Turner White CommunicationsAbout TWCSubscribeContact TWCHomeSearch
Hospital PhysicianJCOMSMPBRMsCart
Current Contents
Past Issue Archives
Interactive:
Self-Assessment Questions
Review of
Clinical Signs
Clinical Review
Quiz
Pediatric Rounds
Resident Grand Rounds
Article Archives
Case Reports
Clinical Practice
Exams
Pediatric Rounds
Resident Grand Rounds
Review of
Clinical Signs

Guide to Reading
Hospital Physician
Editorial Board
Information for Authors

Reprints, Permissions, & Copyright
Site Map
Self-Assessment Questions

Emergency Medicine

Answer 4
  1. Abdominal radiographs are most useful in the diagnosis of intestinal obstruction. Plain film abdominal radiographs are often ordered for the wrong reason. The only clinical entities for which the sensitivity of abdominal radiographs approaches 100% are bowel obstruction and free intraperitoneal air. One large study demonstrated little value in using abdominal radiographs for patients with suspected appendicitis, nonspecific abdominal pain, and gastrointestinal bleeding and biliary colic.6 An upright chest radiograph can detect as little as 1 mL of free air and is superior to an upright abdominal radiograph in detecting free air. Newer imaging studies such as ultrasonography and computed tomography play a role in the diagnosis of acute abdominal pain when ordered appropriately.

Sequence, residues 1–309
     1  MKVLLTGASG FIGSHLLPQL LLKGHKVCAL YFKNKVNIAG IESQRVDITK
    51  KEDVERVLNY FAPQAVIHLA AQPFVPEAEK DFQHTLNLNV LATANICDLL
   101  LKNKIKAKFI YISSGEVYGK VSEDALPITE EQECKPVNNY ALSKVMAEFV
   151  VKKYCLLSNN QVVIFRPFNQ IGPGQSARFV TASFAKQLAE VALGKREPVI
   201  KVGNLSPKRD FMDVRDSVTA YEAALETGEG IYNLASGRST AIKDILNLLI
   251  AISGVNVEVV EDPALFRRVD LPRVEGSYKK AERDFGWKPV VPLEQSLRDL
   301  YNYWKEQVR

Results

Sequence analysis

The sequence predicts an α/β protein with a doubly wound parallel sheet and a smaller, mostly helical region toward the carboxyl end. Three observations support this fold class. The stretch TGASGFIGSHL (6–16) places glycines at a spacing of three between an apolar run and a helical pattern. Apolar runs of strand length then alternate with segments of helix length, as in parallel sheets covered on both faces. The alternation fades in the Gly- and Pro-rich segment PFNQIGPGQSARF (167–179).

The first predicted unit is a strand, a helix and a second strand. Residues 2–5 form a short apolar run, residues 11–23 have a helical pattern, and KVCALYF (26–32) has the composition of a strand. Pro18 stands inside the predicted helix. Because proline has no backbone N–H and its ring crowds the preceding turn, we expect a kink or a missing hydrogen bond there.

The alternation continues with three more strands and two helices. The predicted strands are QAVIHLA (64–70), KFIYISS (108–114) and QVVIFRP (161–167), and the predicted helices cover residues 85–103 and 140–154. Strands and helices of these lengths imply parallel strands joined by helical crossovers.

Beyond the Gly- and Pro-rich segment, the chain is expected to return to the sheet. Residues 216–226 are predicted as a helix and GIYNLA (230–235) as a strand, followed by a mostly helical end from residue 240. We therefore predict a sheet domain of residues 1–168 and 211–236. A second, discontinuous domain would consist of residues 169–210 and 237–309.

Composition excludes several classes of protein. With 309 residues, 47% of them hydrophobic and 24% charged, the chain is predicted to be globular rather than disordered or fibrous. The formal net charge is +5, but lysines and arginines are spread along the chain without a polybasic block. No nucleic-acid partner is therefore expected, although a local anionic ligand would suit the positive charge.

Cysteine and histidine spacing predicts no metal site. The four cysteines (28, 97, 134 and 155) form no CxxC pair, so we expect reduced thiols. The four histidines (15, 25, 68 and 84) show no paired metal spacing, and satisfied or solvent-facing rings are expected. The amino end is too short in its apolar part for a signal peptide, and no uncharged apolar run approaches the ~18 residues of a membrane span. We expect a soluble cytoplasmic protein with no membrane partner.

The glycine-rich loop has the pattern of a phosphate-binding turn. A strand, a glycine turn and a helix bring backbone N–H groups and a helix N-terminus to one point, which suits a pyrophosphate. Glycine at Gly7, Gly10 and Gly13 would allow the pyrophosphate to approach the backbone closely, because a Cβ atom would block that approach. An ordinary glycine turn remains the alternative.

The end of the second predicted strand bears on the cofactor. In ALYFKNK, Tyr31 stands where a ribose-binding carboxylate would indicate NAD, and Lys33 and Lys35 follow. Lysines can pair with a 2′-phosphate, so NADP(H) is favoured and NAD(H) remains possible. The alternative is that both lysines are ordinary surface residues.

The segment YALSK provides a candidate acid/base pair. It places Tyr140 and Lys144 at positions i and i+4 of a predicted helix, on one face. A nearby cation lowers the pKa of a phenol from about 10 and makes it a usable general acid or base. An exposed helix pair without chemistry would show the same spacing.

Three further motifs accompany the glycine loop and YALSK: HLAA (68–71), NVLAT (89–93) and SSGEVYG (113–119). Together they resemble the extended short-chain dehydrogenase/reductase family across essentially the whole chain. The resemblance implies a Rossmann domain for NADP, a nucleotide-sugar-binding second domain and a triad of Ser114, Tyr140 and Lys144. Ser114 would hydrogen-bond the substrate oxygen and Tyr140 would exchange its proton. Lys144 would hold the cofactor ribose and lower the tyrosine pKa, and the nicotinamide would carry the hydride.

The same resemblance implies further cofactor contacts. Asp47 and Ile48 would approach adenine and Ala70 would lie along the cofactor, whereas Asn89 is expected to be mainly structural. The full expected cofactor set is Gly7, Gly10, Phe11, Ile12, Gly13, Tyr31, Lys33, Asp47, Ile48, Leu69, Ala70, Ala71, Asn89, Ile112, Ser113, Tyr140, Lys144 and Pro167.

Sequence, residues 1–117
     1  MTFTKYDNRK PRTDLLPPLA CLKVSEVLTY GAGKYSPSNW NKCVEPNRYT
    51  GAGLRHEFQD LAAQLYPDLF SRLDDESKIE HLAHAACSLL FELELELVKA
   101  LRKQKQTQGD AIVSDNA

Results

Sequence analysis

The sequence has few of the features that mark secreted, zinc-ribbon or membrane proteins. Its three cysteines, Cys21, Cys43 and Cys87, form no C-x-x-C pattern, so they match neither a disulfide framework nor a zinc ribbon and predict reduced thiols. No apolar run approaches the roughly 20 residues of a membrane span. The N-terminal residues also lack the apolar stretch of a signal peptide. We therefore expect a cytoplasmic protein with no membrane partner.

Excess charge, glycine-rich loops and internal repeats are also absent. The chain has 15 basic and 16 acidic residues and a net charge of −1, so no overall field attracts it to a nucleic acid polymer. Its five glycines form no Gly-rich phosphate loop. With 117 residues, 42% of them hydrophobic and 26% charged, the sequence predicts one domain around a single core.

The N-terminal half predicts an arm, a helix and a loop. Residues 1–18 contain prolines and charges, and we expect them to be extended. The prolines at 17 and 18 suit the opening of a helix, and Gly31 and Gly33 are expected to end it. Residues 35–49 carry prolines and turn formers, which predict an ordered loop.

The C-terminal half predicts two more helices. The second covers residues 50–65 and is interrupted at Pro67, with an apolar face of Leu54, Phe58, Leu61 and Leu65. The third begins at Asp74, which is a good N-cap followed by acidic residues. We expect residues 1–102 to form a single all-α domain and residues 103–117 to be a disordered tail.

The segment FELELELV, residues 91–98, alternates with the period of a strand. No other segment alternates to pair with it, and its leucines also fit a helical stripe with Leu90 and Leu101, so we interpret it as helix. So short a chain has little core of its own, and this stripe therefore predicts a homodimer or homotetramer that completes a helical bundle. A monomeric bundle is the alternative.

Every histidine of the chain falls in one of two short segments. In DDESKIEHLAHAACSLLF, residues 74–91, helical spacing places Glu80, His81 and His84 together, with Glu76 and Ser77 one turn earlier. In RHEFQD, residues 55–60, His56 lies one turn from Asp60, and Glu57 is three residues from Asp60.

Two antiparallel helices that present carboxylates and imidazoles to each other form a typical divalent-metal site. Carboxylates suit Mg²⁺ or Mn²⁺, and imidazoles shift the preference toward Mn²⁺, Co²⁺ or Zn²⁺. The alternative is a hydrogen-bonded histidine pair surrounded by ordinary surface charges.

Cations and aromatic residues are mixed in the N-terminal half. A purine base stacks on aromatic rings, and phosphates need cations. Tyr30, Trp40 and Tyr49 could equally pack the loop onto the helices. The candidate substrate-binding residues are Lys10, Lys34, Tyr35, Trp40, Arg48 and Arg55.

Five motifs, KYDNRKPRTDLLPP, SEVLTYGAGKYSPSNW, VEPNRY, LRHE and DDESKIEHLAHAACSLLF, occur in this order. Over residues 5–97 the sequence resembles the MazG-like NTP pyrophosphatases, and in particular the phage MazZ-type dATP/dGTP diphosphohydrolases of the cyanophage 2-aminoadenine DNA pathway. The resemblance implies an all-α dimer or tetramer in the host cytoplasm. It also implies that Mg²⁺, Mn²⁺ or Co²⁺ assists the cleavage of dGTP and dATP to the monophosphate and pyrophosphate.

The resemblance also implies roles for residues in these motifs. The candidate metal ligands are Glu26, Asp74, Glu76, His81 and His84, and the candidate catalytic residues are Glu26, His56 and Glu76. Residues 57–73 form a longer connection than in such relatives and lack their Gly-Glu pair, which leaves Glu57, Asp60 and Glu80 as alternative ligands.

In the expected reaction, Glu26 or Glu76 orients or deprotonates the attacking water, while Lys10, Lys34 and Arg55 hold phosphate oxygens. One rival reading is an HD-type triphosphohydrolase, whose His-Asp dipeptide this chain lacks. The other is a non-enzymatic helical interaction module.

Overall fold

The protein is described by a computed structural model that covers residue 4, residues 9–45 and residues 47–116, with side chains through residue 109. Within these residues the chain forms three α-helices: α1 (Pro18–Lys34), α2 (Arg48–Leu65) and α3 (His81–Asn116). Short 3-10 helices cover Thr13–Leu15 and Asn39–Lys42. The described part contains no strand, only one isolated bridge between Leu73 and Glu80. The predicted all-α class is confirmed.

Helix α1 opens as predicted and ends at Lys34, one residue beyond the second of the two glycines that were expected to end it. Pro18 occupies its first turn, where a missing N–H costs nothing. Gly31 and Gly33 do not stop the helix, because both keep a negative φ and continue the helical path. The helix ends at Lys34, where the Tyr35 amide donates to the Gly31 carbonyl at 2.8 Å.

REFERENCE
    6.
     Campbell JP, Gunn AA: Plain abdominal radiographs and acute abdominal pain. Br J Surg 1988;75:554556.

Click here to return to the questions

 

Hospital Physician     JCOM     Seminars in Medical Practice
Hospital Physician Board Review Manuals
About TWC    Subscribe    Contact TWC    Home    Search   Site Map

Copyright © 2009, Turner White Communications
Updated 1/04/08 • kkj